HOW TO USE MENTORING IN YOUR WORKPLACE [GUEST POST]

Successful companies large and small use mentoring to tackle complex human resource challenges such as increasing employee retention and improving workforce productivity. Corporate mentoring is on the rise and in fact, 71% of Fortune 500 companies offer mentoring programs to their employees.

Workplace Mentoring

Today, smart organizations are realizing that a workplace mentoring program can serve the entire employee lifecycle. Mentoring new employees can improve new hire retention rates. Mentoring aspiring talent enables company succession plans. And reverse mentoring can ensure senior executives stay current with new business practices and technology.

Regardless of the form mentoring takes, it facilitates sharing knowledge, expertise, skills, insights, and experiences through dialogue and collaborative learning.

Because mentoring is goal oriented and promotes professional and personal growth among participants, it helps attract, motivate, develop, and retain profitable talent while increasing productivity.

Companies often want mentoring programs for the following uses:

1. Employee Career Development

To retain skilled employees and develop future leaders, it’s critical to understand employee career objectives and align them with organizational goals. Opportunity for learning and development is a top driver of engagement, and is more important than leadership, culture, and compensation (Right Management, 2012).

Mentoring enables both career development and leadership development to help employees develop new skills and feel engaged within the organization. These factors all lead to happier employees and a better retention rate for a stronger, more effective organization.

2. Leadership Development 

Professional mentoring programs are an effective strategy to reward high potentials with personal attention and guidance, which leads to nurturing an organization’s leadership chain. By connecting high potentials with leaders, top performers, and each other across the company, high potentials learn faster and are ready to take on leadership positions sooner. This results in improved engagement and a faster time to productivity, while leveraging internal resources, to keep costs to a minimum.

3. Diversity Mentoring

A diverse workforce is required to stimulate innovation, cultivate creativity, and steer business strategies. Mentoring empowers a diverse range of employees to share their opinions, ideas, knowledge, and experiences on a level playing field.

Through diversity initiatives, employees learn cultural awareness to create an inclusive corporate culture and learn of their own importance to their company.

Mentoring creates an environment of trust, belonging, understanding, support, and encouragement for a diverse workforce. It gives employees an opportunity to voice their concerns, overcome hurdles, and find solutions. As a result, it inspires employees to perform to their highest ability.

4. Reverse Mentoring

Popular among companies that believe everyone has something to bring to the table, reverse mentoring partners an older, more experienced employee with a younger, less experienced newcomer.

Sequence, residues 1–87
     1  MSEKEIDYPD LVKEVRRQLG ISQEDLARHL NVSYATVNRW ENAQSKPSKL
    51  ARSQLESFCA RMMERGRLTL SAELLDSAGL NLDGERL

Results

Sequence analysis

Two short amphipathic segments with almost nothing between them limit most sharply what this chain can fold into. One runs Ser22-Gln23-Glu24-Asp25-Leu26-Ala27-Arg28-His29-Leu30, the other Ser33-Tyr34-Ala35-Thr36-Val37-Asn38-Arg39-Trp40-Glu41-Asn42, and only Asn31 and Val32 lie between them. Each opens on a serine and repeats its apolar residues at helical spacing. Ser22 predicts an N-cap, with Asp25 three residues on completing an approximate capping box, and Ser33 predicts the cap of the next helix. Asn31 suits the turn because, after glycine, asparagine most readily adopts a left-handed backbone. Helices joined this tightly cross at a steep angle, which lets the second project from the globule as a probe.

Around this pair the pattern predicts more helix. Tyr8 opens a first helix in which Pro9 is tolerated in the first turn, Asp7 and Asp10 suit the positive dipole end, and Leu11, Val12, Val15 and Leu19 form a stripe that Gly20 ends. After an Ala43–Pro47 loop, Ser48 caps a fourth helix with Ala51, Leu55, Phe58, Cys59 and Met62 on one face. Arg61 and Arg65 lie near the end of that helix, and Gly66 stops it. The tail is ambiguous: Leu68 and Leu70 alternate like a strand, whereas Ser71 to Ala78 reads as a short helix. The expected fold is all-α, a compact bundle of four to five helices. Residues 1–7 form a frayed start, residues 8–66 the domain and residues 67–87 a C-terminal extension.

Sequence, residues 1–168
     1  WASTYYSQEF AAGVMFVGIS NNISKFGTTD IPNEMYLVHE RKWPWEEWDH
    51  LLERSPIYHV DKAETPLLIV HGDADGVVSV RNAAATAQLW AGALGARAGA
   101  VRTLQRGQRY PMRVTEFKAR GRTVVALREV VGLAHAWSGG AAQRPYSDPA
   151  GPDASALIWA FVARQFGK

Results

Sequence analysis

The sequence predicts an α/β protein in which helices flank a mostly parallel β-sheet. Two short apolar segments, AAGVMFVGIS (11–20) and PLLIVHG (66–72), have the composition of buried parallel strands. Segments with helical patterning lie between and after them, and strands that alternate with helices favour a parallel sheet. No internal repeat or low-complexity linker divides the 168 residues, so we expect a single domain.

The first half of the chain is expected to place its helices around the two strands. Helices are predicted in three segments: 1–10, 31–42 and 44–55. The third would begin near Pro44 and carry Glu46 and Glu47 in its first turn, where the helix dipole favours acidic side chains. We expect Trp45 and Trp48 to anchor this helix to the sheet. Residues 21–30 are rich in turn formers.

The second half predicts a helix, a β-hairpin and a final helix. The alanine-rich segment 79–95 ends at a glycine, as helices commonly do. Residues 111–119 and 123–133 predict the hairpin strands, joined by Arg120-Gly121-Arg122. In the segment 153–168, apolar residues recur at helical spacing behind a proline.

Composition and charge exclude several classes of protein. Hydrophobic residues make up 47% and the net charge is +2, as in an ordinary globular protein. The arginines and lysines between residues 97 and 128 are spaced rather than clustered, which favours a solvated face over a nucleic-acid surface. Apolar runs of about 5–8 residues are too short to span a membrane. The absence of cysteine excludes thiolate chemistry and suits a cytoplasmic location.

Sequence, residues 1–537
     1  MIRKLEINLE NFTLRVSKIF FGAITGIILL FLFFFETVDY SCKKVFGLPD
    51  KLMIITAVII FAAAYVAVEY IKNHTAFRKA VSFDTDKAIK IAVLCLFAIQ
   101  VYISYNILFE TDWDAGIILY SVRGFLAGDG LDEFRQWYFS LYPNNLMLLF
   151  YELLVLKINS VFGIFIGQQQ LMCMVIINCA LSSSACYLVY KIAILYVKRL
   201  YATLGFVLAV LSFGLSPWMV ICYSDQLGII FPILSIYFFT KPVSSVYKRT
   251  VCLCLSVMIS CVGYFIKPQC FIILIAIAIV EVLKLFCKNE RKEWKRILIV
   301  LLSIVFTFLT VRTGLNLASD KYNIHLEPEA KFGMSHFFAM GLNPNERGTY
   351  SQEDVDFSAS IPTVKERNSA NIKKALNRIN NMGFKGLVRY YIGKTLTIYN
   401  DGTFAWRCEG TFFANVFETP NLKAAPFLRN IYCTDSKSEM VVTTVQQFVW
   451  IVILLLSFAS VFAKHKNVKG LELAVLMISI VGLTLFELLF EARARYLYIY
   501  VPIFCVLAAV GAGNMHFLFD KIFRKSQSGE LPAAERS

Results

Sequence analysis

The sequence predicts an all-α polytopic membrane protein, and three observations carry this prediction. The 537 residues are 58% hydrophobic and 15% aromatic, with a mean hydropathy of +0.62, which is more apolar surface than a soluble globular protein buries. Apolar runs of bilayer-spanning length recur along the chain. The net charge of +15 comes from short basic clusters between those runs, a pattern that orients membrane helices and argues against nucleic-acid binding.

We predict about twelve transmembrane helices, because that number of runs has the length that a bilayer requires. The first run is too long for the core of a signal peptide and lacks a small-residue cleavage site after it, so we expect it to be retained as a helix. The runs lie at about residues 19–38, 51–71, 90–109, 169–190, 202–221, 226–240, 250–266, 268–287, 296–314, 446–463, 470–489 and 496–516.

It differs from traditional mentoring because it’s the new employee who serves as the mentor, providing senior members of the organization with up-to-date information on the latest business technologies and workplace trends.

Reverse mentoring is generally a two-way street, with a partnership that provides the younger employee with a chance to see the larger picture as well as macro-level management issues.

Because many Millennials are unsure of what they can bring to the table and their future career options, reverse mentoring can be an excellent way to continually engage them within the organization.

Reverse mentoring also provides senior executives with the satisfaction of sharing knowledge with a different generation, increasing multi-generational engagement and reducing conflicts throughout the organization.

Related Read: Reverse Your Stagnation With Reverse Mentoring

5. Knowledge Transfer

Helping employees acquire necessary knowledge, skills, and expertise is essential for any organization. Mentoring is an effective approach to organize, create, capture, and distribute knowledge. It supports short- and longer-term situational as well as topical learning between individuals and groups. It also reduces the time required for knowledge transfer by providing direct access to a range of experts and peers who can share the required knowledge and skills in an environment that promotes rapid learning.

In addition, knowledge transfer fuels succession planning, ensuring that once executives retire, someone with plenty of company knowledge will be ready to step into place.

Conclusion

In today’s volatile business world, it’s extremely important for organizations to engage employees both intellectually and emotionally. Through mentoring, employees identify themselves as a vital part of the organization while creating a heightened level of ownership. By improving employee engagement and retention along with other company initiatives, mentoring helps the company’s bottom line while also ensuring that employees feel committed to accomplishing their work in accordance to the vision of the organization.

Question: How have you benefited from mentorship?

This post was originally posted on Chronus and has been republished with approval.

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